— Once in the spring and once in the fall, I pull out the under-bed bin, dump everything on the floor, and sort through it. (I usually time it to coincide with my favorite consignment sale!) I make several piles:
1. Favorite items that will be saved for our future kids or nieces/nephews. This pile is generous – we have plenty of room for storage and I promised my younger sister I would hang on to all the good stuff until she’s ready! This is not just a few pieces for posterity. These get stored in big labeled bins in the attic, sorted by size and gender. 2. Items to return to my older sister. This is generally pieces we didn’t end up wearing much – she consigns whatever I send back her way! 3. Items in good shape we no longer want or need. These get set aside to tag for the consignment sale. 4. Items that will fit next season (for example, June wore many of the same dresses this winter that she did last winter). These go back in the dresser in June’s room. 5. Items to donate or give away. This pile is usually small, since I try to consign most things, but sometimes includes items that are out of style or too annoying to tag (socks, etc.). 6. Items to toss. Things with holes or stains.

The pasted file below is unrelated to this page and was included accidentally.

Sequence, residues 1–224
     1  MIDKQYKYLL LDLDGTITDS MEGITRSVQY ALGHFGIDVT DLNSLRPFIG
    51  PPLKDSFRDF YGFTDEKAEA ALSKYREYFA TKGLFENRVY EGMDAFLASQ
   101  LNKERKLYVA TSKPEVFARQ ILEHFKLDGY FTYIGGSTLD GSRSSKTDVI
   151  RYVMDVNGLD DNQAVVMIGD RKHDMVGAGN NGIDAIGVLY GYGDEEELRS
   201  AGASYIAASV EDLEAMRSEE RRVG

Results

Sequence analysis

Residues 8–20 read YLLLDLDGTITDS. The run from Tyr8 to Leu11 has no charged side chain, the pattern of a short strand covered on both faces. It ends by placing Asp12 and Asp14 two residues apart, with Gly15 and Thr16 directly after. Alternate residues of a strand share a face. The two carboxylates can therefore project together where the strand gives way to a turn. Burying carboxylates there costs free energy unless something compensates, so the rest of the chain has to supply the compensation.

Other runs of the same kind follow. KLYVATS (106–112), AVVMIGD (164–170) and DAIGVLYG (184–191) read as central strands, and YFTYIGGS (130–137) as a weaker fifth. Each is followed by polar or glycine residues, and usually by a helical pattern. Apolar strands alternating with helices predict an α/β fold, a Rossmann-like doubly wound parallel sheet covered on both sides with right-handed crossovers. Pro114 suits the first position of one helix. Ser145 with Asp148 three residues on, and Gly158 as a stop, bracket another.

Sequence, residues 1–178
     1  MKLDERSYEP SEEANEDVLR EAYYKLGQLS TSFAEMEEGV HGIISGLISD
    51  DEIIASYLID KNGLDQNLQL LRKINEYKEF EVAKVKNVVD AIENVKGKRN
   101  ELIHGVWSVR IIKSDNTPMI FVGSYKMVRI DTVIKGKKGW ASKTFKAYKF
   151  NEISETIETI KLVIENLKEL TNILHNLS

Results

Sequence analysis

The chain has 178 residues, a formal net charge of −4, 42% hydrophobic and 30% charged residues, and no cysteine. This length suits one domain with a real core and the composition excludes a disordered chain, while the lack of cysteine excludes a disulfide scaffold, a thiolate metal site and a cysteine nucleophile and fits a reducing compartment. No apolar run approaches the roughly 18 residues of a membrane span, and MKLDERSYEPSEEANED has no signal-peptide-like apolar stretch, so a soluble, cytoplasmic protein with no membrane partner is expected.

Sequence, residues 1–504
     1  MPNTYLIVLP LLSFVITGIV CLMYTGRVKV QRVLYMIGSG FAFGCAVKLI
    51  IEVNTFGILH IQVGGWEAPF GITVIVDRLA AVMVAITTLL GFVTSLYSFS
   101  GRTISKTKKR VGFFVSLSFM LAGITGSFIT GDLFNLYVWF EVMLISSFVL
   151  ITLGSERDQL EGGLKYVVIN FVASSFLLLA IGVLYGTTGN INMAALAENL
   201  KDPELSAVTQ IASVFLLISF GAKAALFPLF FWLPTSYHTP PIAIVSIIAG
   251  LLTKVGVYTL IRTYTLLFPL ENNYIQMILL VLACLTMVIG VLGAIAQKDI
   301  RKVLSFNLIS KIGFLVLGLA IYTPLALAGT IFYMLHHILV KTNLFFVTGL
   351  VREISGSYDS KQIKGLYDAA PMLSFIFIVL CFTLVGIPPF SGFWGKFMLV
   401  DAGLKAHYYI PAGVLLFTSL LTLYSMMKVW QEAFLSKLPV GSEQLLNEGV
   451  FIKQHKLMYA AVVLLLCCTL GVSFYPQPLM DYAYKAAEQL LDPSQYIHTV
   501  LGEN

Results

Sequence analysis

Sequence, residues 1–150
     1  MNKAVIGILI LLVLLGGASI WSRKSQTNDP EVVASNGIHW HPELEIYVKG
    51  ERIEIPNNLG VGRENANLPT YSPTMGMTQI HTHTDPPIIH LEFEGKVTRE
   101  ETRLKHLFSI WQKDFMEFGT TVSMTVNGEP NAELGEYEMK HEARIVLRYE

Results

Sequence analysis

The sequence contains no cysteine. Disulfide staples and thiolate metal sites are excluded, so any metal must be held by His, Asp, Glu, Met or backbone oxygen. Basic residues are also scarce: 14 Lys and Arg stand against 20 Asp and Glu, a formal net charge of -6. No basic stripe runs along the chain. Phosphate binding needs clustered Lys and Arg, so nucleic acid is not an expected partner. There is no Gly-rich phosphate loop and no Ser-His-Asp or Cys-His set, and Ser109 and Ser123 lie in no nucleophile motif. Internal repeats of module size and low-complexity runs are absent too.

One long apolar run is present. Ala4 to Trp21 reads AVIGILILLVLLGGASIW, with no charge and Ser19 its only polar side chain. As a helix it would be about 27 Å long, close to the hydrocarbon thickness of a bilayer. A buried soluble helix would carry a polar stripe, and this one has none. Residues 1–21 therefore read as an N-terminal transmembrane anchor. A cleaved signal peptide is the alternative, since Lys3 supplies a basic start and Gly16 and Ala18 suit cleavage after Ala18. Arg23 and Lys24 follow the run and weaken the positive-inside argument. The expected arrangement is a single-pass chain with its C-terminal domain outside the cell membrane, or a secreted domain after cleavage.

And that’s it! Clothes for the new season get moved from upstairs to downstairs, the piles are dispatched, and we’re good to go for the next few months! It’s super simple, but that under-the-bed bin is a true game-changer and makes upkeep so simple.
Now, of course, I’d love to hear: what is a household or parenting task other people hate, but you actually really enjoy? If you have any questions about kids’ clothing management, I’m happy to answer those, too :)
With so many of us planning road trips these days, and spring break coming up, I thought it might be helpful to share some of our family’s tips and tricks!